It may consist of nothing more than a number ranging from 300 to 850, but your credit score can have a significant impact on your life. Mortgage providers use it to determine whether or not a buyer is a suitable candidate for a home loan; utility service providers (e.g. water, gas and electricity) check credit scores to see if a tenant must pay a security deposit; credit card companies use to approve or deny applications – and some employers even base their hiring decisions on an applicant’s credit history.
This begs the question: for what reason does an employer need know a job applicant’s credit history? If an employer notices a string of delinquent accounts, late payments, or collections, he or she may assume it’s reflective of the applicant’s character. Furthermore, the employer may doubt the applicant’s ability to pay his or her mortgage and other bills, which could result in the applicant being kicked of their home and unable to make it to work.
But credit checks for the purpose of hiring decisions are becoming less common in today’s society
According to a survey conducted by the Society for Human Resource Management, 53% of companies said they did not conduct credit checks on job applicants, up from 40% just two years prior. Granted, this survey was somewhat limited, involving a small pool of just 544 randomly selected organizations, but it attests to the changing trends regarding credit checks on job applicants.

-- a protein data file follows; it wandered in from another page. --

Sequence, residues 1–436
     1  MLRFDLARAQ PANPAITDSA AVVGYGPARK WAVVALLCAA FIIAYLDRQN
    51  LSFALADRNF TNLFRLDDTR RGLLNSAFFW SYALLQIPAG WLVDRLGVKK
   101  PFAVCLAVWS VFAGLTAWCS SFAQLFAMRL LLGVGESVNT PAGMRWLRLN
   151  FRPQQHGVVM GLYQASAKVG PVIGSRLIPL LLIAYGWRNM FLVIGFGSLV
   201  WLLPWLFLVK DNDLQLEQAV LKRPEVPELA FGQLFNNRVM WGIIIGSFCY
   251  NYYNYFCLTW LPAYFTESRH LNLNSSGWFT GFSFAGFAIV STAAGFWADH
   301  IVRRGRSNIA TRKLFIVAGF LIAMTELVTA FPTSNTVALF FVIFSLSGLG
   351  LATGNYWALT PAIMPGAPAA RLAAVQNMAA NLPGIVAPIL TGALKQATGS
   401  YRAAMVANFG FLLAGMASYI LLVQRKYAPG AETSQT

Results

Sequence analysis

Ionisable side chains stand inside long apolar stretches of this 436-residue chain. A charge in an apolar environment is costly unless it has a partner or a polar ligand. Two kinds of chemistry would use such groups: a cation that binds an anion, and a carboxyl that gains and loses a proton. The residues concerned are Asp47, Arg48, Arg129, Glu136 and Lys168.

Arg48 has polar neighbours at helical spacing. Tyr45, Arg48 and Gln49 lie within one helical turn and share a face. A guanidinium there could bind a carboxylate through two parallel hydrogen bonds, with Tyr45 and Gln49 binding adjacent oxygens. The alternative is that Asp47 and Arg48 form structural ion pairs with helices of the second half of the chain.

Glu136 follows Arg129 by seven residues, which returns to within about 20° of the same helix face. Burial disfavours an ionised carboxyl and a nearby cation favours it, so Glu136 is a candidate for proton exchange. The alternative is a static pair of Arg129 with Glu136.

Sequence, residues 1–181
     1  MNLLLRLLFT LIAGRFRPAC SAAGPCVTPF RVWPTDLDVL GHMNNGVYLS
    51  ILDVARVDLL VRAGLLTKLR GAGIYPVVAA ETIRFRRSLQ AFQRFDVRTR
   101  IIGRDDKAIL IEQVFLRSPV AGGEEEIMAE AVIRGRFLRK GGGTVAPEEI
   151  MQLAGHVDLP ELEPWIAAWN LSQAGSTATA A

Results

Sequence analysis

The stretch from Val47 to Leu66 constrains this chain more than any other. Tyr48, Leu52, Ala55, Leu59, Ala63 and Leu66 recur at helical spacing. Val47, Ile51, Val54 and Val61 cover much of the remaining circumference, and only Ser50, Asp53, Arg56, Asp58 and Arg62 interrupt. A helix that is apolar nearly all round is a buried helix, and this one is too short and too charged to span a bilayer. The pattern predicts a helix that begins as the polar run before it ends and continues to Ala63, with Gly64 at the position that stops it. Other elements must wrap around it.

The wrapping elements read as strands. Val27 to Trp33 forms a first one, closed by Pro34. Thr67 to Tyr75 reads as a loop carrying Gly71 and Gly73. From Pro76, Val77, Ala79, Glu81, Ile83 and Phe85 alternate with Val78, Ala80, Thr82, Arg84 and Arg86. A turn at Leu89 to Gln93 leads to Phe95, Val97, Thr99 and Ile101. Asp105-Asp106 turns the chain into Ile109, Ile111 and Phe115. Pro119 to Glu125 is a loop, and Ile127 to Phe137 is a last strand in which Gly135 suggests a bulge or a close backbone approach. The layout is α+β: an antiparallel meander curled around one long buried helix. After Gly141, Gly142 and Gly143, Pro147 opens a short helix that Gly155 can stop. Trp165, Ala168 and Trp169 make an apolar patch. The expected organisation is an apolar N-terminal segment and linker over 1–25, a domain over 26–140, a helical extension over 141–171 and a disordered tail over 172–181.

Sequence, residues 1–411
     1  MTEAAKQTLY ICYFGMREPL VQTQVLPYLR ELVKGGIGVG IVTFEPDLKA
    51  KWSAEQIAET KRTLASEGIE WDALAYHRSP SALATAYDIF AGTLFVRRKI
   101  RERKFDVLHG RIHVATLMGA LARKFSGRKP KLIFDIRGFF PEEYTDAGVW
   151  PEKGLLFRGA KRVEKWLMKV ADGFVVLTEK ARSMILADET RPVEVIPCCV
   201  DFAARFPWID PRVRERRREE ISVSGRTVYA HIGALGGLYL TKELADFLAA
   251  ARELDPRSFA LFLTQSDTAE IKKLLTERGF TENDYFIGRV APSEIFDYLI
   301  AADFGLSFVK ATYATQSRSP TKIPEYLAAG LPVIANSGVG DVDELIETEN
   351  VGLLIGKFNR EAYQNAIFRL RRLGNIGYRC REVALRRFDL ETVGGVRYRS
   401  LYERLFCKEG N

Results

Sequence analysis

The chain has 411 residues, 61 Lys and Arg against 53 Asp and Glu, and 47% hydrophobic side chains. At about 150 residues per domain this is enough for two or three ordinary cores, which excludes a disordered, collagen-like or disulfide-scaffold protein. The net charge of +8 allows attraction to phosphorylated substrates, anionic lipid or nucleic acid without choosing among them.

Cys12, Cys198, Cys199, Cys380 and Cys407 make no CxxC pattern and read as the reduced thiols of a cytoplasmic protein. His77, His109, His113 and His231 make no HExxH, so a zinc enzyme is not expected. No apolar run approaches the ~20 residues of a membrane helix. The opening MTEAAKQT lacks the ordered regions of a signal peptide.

Of course, laws regarding the use of credit reports to decide whether or not a job applicant should be hired varies depending on the state and city. Federal law allows employers to base hiring decisions on an applicant’s credit history as long as they obtain the applicant’s written consent beforehand; give the applicant a warning and a copy of the report if the applicant is rejected; and give the applicant an official adverse action notice if the applicant is rejected. However, certain state and city laws may prohibit the use of credit reports in hiring decisions.
Many States Limit the Use of Credit Reports
California, Connecticut, Hawaii, Oregon, Maryland, Washington and Illinois have passed their own laws prohibiting or limiting employers from using applicants’ credit reports. As we discussed in a previous blog post, New York City also passed a city-wide law prohibiting credit reports from being used in hiring decisions, except in the case for law enforcement and financial services.
You can check your credit history for free at AnnualCreditReport.com. According to the Federal Trade Commission (FTC), it’s “the only authorized website for free credit reports.” It allows consumers to pull a credit report from each of the three major credit bureaus – Experian, Transunion and Equifax – once a year. Additional reports can be obtained for a fee.
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